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This course will expire or be updated on or before September 4, 2013.
ABOUT THIS COURSE
You must score 70% or better on the test and complete the course evaluation to earn a certificate of completion for this CE activity.
ACCREDITATION / APPROVAL
Wild Iris Medical Education is an approved provider for paramedic and EMT continuing education in California by the Coastal Valleys EMS Agency: CE Provider #49-0057.
This course is appropriate for EMTs and first responders.
Wild Iris Medical Education, Inc. provides educational activities that are free from bias. The information provided in this course is to be used for educational purposes only. It is not intended as a substitute for professional health care. See our disclosures for more information.
This course is a review of EMT-B topics. For EMT certification training, contact your local EMS agency for information.
Copyright © 2010 Wild Iris Medical Education, Inc. All Rights Reserved.
This course is a review of material from Module 3 of the National Standard Curriculum developed by the United States Department of Transportation (NHTSA, 1997), and produced under the medical direction of Lisa MacCormack, MD.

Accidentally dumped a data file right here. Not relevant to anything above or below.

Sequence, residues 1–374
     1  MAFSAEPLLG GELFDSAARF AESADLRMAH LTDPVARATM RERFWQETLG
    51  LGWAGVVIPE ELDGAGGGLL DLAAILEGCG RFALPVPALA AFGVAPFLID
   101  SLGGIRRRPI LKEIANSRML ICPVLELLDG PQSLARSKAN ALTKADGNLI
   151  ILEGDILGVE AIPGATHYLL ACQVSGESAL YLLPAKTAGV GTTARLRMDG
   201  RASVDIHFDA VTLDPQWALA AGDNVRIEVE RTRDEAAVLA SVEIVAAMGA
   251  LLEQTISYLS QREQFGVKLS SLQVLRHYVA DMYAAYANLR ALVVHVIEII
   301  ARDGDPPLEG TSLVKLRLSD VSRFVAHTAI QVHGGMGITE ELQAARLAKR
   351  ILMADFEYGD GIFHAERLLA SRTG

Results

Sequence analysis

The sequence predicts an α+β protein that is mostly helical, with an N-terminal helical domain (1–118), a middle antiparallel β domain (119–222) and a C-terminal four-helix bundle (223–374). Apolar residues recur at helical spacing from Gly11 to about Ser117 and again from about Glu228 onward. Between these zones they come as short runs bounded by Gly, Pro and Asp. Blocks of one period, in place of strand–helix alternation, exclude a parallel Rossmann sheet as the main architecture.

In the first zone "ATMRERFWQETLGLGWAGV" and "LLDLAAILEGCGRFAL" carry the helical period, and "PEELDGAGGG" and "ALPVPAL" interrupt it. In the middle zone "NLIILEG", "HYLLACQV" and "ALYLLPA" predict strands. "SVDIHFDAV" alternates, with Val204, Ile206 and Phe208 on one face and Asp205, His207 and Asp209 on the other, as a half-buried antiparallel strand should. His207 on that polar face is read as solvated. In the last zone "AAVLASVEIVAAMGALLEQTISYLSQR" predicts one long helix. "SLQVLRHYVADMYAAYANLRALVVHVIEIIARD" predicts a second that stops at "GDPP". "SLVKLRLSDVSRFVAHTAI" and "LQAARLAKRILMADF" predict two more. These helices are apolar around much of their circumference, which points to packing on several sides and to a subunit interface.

Upon completion of this course, you will be able to:
The EMT-Basic will encounter patients who require emergency medical care. It is important to identify those patients who require rapid assessment, critical intervention, and immediate transport. The components of this module will assist the EMT-Basic in making patient intervention decisions.
You are called to the scene of an unresponsive patient. You arrive at a well-tended suburban residence and are met at the door by an anxious middle-aged woman. She tells you that she came home a few minutes ago and found her husband in bed, unresponsive. He had just finished breakfast when she left two hours ago and he was fine then.